Marjories's house is still the big attraction in Cross Creek. It is lovingly preserved by dedicated people and looks much like it did in Marjorie's time. It has been preserved forever as Marjorie Kinnan Rawlings Historic State Park.
The Yearling Restaurant has some rustic small cottages that are a good place to relax and spend some time in the heart of Cross Creek.
If you intend to stay overnight and explore the area, I also recommend the Herlong Mansion Bed and Breakfast in nearby Micanopy.
It is a beautiful old restored mansion in a lovely little town west of Cross Creek.
Micanopy is a Florida town with an interesting history. That history includes Chief Micanopy who was the chief of the Seminole Nation during the 2nd Seminole War from 1835-1842.
If you plan to stay in nearby Gainesville, I recommend that you stay at Magnolia Plantation, 309 SE 7th St, Gainesville, FL 32601. Tel: 352-375-6653.
Longtime friends of mine, Joe and Cindy Montalto own this lovely Victorian bed and breakfast with 14 guest rooms each with private bath.
It is in the heart of my favorite university town with plenty to see and do.
Mrs. Rawlings and her husband, Norton Baskin, are buried in the old Antioch Cemetery just northeast of Island Grove. Her fans keep putting deer statues on her grave to memorialize "The Yearling."
Some of her Florida Cracker neighbors are also there, including ones mentioned in her books. These include Zelma Cason, Tom Morrison, Chet Crosby and Berney Bass.
To get to the cemetery leave Cross Creek and go east to US-301 and cross over to SE 219 Avenue.
Continue east on SE 219 Avenue for about 2 miles to SE 225 Drive, an unpaved road that can be pretty rough sometimes. Especially in small cars like the ones I drive.
Keep following this road until you reach SE 189 Avenue. The cemetery is just to your right.
Marjorie Kinnan Rawlings Historic State Park 18700 S. CR 325 Cross Creek, FL 32640. Tel: 352-466-3672.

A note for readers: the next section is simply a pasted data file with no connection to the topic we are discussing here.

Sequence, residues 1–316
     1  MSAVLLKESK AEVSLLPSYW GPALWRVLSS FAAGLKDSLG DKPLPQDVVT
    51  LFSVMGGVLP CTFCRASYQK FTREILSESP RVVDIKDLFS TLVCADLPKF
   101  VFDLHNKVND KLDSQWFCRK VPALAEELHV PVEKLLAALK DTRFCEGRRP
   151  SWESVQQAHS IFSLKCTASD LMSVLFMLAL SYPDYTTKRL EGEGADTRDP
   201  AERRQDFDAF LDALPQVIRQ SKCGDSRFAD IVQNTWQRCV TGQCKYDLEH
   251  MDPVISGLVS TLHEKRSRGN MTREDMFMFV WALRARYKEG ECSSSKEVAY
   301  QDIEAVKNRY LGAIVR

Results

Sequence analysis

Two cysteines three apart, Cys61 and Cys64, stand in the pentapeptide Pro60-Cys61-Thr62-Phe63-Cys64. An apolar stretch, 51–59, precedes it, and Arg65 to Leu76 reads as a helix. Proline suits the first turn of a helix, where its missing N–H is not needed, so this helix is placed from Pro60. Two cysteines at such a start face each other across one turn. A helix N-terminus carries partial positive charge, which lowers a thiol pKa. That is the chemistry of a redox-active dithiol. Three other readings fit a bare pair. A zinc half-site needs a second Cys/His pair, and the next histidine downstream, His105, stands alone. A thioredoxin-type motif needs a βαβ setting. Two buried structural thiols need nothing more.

Visit the old Wood & Swink General Store in nearby Evinston.
14501 East County Road 325
Hawthorne, Florida 32640
The Yearling is the best place to eat in Cross Creek. There may be other places, but I haven't tried them.
This rustic old place has been a Florida dining legend since 1952.
For many years, with some interruptions, this quaint dining place served thousands of hungry Florida Gator fans, including me.
It was a tradition for many of us Gator faithful who would stop in after a University of Florida football game in Gainesville on our separate ways back to Orlando, Tampa, and other Florida towns south of Gainesville.
READ MORE ABOUT THE YEARLING RESTAURANT
From US-301, drive west from the little town of Island Grove.
From US-441, drive east from the crossroads of SR-346 and US-441 near Micanopy. Drive east on SR-346 until you come to SR-325, then go south to Cross Creek.
The Google map below will help you find the way.
Our Facebook page has more than 125,161 followers who love off the beaten path Florida: towns, tourist attractions, maps, lodging, food, festivals, scenic road trips, day trips, history, culture, nostalgia, and more. We post articles every day. Please check it out and if you like it, we would appreciate a "like" from you.
By Mike Miller, Copyright 2009-2023
Florida Back Roads Travel is not affiliated with or endorsed by Backroads, a California-based tour operator which arranges and conducts travel programs throughout the world.